Earlier this month, we read Shemot/Exodus, Chap. 15, which includes the Song of the Sea. It describes the Song as a core element in our people’s national/religious narrative of God’s redemption of Israel then and the continuing promise of redemption based on it. We find no mention of what happened at the Sea of Reeds from the Egyptian side. Yet, most historically important events produce differing narratives, explanations that reflect the world-view of opposing groups.
Such differing narratives were at play in the emotional response in the U.S. this month to the Tucson shootings. Writers for the Center/Left New York Times immediately connected the shooting to the climate of political hatred that they view as so destructive. Writers for Center/Right Wall Street Journal quickly rejected that analysis, pointing out that the shooter was/is nearly totally apolitical. By the end of the week, the Times had conceded that the “climate of hate” analysis was not relevant to the situation.
The “climate of hate” analysis is not relevant to the Tucson tragedy as far as the shooter himself is concerned, but we must not set the matter aside altogether. As a teacher of history — especially Holocaust history, including the quest for explanations, I can tell you that every historian dealing with Germany and its interwar politics, especially from 1918 to the rise of Nazism — every historian, no matter where they are on the political spectrum, no matter which factors they emphasize in their explanation of Nazism’s origins and political success — focuses on the mindset of “redemptive violence” needed to “purify the nation.” It is a theme repeated relentlessly in a propaganda campaign conducted in a setting of unprecedented political and economic upheaval which unsettled a broad array of groups in German society. Such propaganda preyed on people’s vulnerabilities, made them receptive to the Nazi accession to power, and conditioned them to acquiesce to and ultimately participate in genocide.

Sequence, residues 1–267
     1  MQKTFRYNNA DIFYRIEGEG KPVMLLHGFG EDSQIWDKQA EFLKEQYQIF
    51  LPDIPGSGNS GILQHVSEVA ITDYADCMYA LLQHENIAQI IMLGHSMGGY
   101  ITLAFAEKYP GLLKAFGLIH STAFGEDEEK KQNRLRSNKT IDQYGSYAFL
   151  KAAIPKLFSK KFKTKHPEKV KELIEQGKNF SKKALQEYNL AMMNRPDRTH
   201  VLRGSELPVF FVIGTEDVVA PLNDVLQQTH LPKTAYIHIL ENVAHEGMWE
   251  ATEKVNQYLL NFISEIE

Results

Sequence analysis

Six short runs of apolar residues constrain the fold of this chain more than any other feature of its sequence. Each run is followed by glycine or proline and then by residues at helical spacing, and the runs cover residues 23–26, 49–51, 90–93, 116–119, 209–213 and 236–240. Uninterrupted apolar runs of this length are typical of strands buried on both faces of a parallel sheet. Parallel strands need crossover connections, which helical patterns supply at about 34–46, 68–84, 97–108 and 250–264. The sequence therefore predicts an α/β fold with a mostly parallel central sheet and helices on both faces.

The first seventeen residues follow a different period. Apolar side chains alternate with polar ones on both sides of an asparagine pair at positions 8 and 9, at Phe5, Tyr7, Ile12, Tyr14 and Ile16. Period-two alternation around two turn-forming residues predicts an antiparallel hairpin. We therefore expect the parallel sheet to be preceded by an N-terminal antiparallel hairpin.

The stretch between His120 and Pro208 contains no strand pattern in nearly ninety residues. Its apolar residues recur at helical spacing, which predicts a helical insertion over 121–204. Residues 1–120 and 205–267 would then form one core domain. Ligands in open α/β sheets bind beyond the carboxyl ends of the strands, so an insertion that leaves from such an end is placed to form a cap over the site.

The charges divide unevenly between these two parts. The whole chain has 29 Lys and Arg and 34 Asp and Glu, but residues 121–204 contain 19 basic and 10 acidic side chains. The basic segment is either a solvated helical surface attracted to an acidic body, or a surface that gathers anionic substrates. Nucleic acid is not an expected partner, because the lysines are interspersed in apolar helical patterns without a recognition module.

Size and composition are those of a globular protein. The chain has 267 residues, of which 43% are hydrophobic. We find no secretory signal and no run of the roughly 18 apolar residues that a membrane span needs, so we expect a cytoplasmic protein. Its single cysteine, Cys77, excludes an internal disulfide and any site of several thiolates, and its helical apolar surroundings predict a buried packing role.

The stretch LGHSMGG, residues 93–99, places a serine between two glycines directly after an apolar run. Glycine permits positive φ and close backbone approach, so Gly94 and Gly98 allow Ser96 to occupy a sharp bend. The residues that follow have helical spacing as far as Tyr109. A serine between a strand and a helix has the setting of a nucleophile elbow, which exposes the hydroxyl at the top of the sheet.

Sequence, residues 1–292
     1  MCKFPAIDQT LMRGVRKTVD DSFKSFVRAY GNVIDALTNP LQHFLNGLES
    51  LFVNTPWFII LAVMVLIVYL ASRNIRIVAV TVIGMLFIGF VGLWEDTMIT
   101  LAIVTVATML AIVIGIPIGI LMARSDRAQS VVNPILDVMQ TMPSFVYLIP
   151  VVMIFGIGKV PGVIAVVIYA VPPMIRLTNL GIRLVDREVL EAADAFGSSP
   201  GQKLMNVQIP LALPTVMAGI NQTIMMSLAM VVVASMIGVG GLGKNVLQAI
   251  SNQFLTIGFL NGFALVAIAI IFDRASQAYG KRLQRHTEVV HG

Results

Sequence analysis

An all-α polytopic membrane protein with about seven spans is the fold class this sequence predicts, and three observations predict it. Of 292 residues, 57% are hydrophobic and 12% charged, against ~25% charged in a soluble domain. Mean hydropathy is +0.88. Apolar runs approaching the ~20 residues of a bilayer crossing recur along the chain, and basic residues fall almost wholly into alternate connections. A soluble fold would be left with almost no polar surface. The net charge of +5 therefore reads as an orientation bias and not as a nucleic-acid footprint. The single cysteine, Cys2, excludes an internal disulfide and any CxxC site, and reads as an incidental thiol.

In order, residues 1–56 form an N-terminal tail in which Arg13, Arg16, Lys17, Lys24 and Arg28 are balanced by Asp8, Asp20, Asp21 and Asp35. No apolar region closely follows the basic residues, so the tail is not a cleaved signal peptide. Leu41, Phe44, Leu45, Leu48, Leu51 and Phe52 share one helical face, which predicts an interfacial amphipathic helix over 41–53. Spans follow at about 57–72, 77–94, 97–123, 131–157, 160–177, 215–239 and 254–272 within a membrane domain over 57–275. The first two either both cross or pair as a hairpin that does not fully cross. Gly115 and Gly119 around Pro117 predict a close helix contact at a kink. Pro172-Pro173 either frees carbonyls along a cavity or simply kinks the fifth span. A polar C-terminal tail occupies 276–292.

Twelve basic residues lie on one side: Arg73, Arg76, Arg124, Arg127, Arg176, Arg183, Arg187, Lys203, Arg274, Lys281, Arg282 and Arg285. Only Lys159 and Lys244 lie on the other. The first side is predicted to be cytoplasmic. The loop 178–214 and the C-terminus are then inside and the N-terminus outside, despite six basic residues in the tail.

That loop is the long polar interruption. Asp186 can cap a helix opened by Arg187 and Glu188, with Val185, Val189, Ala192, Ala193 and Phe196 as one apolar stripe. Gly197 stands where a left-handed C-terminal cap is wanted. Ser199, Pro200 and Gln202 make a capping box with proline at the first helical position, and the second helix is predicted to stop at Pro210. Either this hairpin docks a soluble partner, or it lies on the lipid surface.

Considered in this light, American society needs to reflect on the nature of political discourse in a civil, domestic setting. Yes, there are different narratives. There are serious political differences of opinion, but mainstream political opponents — Republicans and Democrats — are not traitors, nor are they betrayers of the Constitution or subverters of America’s future.
This is not the Israelites versus the Egyptians at the Sea of Reeds. The assassination of Martin Luther King Jr. 43 years ago and the murders of President John F. Kennedy and his brother Robert Kennedy are painfully vivid personal memories for many of us. We all, Left and Right, need to keep this in mind and shape our political attitudes and behavior appropriately as we struggle to fashion “a more perfect union.”
Rabbi Norman Patz
Temple Sholom of West Essex